Dear Readers, during a walk in Coldfall Wood last week, I was surprised to see a stand of Fringecups alongside the stream. They are a member of the Saxifrage family, although they look very different from the others, with their strange green-pink flowers peering like giraffes over their neighbours. They are the sole member of their genus, and as such are somewhat out on a limb: most saxifrages are five-petalled, open-flowered plants, although a few do share the long stem of the Fringecup. As the flowers grow older, they start to change from greenish-white to pink, and even to red.


Older Fringecup flowers, rapidly turning red("Tellima grandiflora 07469". Licensed under CC BY 2.5 via Wikimedia Commons -

Older Fringecup flowers, rapidly turning red(“Tellima grandiflora 07469”. Licensed under CC BY 2.5 via Wikimedia Commons –

This is a plant that my North American readers might recognise, as it is a native of the north-western corner of the continent, including Alaska, California, Idaho, Montana, Oregon, Washington, Alberta and British Columbia. It is a plant of woody, shady, wet places, and in my garden at least the bees are very fond of those unassuming flowers.

IMG_2379Here in the wood, they have certainly made themselves at home. They mix happily with the nettles, the violets and the marsh marigolds, and keep themselves largely to themselves. It is not difficult to see how it has made the leap into ‘the wild’ – I have it in my own garden, and there are many varieties for sale. Its tolerance of shade is a great point in its favour in many people’s eyes.

Fringecups growing in my garden.

Fringecups growing in my garden.

I think that this looks like a fairy-tale plant, ethereal and delicate. The flowers look as if they could be hats for pixies, and, indeed, there is a Canadian folktale that elves ate Fringecup in order to improve their night vision. The First Nation Skagit people used Fringecup to make a tea for treating many illnesses, including loss of appetite.

IMG_2384In many of the books that mention Fringecups, there is a reference to its fragrance. I have to admit that this was not something that I’d noticed so, in the interests of research, I went down to the garden to have a sniff. And there it is, a faint hint of sweetness, as fragile as the scent left on a  silk scarf. This is a modest plant of strange and elusive beauty, which only reveals itself if you have the time to stop and look.



Whale Stories

Orca porpoising in Hood Canal, USA (Photo by By Minette Layne from Seattle, Washington, USA – Single breaching orca (cropped), CC BY 2.0,

Dear Readers, two whale-related stories today. First up, Orcas (Orcinus orca) have managed to sink three boats in the Straits of Gibraltar since 2020 (though out of more than 500 encounters that’s not bad odds). The whales appear to target the rudder of the boat, charging it until it’s broken or bent. But why? One theory is that the attacks stemmed from something that happened to a particular female whale, White Gladis. The author of a study on the whale attacks, Alfredo López Fernandez, believes that the whale suffered a traumatic event – either a collision with a boat, or possibly entanglement in illegal fishing nets. Since then, she started to attack the boats, and other whales have copied her – in at least one encounter, the sailors involved believed that a female whale was teaching her offspring to charge their boat.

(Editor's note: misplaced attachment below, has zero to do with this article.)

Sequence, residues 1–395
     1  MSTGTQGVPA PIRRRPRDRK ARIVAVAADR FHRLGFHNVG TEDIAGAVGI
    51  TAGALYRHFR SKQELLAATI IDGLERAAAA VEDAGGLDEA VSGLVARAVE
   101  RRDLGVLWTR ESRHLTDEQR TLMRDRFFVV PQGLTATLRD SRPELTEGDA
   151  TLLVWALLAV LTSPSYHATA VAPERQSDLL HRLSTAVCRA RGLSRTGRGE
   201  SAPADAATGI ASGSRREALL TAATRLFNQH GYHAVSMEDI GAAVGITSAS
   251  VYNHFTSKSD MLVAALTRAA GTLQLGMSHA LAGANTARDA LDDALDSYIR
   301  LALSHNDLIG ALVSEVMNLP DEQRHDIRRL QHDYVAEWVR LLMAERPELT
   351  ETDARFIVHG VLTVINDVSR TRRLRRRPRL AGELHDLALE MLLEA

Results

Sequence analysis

Another theory is that this behaviour is just a fad – the whales are just playing, and certainly they show no interest once the boat has stopped. They don’t appear to be trying to target the humans (and their behaviour with prey animals such as seals, where they band together to topple a seal resting on an ice floe into the water) shows that they are able to devise complicated tactics to get at ‘food’ if they want to.

However, whales attacking boats that they believe have harmed them has a history – grey whales were known as ‘devil fish’ at the end of the 19th/beginning of the 20th centuries, because mother whales would ram any whaling boats that they saw (and quite right too). Maybe the orcas really do see boats as a threat. However, this isn’t good news for them – the Iberian population of orcas is only 39 individuals, and ramming a boat can be more dangerous for the whale than it is for the humans. Let’s hope that the whales come to a decision that it isn’t worth the hassle soon – orcas are extraordinary creatures, and the world would be much worse off without them.

Orcas breaching close to Unimak Island in the Aleutians, Alaska (Photo by By Robert Pittman – NOAA (]), Public Domain,

And now onto the Bowhead Whale (Balaena mysticetus). This cetacean can live to be over 200 years old, and weighs in at a sleek 80,000 kilograms, give or take a few grams. Scientists would expect such a large animal to have a higher rate of cancer than smaller creatures, simply because they have so many more cells, each of which could potentially become cancerous. However, like many other large animals, the rate of cancer in these animals is much lower than expected, something known as Peto’s paradox.

Bowhead whale breaching off the Alaska coast (Photo By Bering Land Bridge National Preserve – bowhead-1 Kate Stafford edit, CC BY-SA 2.0,